There has rarely been a better demonstration of the vast difference in depth in England and Australia than the two teams that line up for the opening game of the Halifax Centenary World Cup at Wembley today.
Australia, riven by internal revolt, can still field a side with few obvious weaknesses. England, with a few injuries at the wrong time, are reduced to fielding several players for whom fingers will be firmly crossed this afternoon.
Fortunately, the one with the weightiest responsibility on his shoulders appears ideally equipped to take it all in his stride. At 19, Kris Radlinski has not yet learnt the meaning of nerves and self-doubt. With him at full- back and Gary Connolly and Martin Offiah fit, it would be possible to be quite sanguine about English chances. Without those two, the backs look distinctly threadbare.
Barrie-Jon Mather has benefited from a summer with the Western Reds in Perth, but the defensive combination that he must strike up with his fellow centre, Paul Newlove, is likely to be severely tested. While John Bentley is as strong and willing as any winger, he is no Offiah in the match-winning stakes.
England must probe for weaknesses out wide in the Australia side and may fancy their chances of finding them in the wing-centre partnership of John Hopoate and Terry Hill. Both are damaging runners, but they are also inclined to blow the occasional fuse and do something crazy. It has to be said, however, that Bentley falls into the same category.
The vast majority of Australia's play will be channelled through their captain, Brad Fittler, while England will look to Shaun Edwards to impose a pattern of play that the Aussies will find uncomfortable. Short kicks over the defence and darting runs with back-row forwards chiming in at different angles are the best hope.
There will be anxious eyes on Karl Harrison as the game wears on today. There is no more honest prop forward, but his ability to get back 10 metres after every tackle throughout the 80 minutes has to be subject to some doubt. Chris Joynt will be available as a replacement in the second half, but England badly need a full match - and one of his very best - from the other prop, Andy Platt.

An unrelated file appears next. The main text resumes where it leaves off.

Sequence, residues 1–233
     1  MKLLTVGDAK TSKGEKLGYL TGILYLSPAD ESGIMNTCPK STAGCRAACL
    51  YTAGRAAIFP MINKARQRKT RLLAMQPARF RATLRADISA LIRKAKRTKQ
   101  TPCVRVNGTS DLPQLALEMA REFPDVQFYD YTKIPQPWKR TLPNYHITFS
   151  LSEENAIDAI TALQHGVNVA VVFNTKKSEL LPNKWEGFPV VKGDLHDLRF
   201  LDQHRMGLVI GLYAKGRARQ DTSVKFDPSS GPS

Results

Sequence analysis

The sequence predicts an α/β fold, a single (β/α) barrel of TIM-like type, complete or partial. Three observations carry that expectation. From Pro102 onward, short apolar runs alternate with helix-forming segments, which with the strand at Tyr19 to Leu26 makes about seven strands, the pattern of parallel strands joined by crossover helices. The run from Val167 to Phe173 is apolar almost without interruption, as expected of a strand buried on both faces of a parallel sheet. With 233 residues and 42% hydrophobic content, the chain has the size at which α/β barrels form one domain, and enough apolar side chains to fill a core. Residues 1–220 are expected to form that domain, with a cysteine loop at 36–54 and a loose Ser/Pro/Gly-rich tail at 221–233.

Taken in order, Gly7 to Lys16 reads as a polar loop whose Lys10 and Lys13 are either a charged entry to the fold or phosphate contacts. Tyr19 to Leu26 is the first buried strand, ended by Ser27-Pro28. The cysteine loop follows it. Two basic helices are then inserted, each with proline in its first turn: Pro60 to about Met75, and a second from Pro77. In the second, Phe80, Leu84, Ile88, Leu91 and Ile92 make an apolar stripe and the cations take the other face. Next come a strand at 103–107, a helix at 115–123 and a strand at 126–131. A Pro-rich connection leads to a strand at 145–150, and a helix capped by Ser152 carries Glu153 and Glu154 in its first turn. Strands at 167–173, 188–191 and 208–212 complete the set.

The England coach, Phil Larder, has been wise to leave Andy Farrell in his club position of loose forward, where his full array of skills - not least his kicking game - can find their fullest expression. Farrell is one of six Wigan players in the England 17 - rather below their usual complement - but still a backbone that the Australian coach, Bob Fulton, regards as an advantage for the English side.
Fulton, whose role as the ARL's chief protagonist in their struggle against the Super League is never far from the surface, has described Wigan as Britain's only Super League team and the way they have dominated so far this season bears out his case.
For Larder, however, this is a long way from being an unmixed blessing. He cannot say it too loudly, for fear of being accused of having his alibis ready in advance, but stomping all over vastly inferior teams in domestic rugby is no preparation for internationals.
The equivalent in Australia's team is the six-man representation from Fulton's Manly side. The difference is that they, despite a successful season that took them to within one match of the Winfield Cup, rarely had an unchallenging match.
One of the aspects of rugby league that is often taken for granted could be a major factor today. The play-the-ball is the equivalent of the serve in tennis - if that goes wrong, nothing else can be right - and the quality of service from the two hookers will be crucial.
A respectable crowd of around 35,000 - swelled by Diana Ross's entourage - would get the World Cup off to an encouraging start. A good contest between the favourites to make it to the final in three weeks' time will give it the momentum it needs. The show starts when the thin lady sings.
Powell on the prowl, Clarke's ambition, page 24Reuse content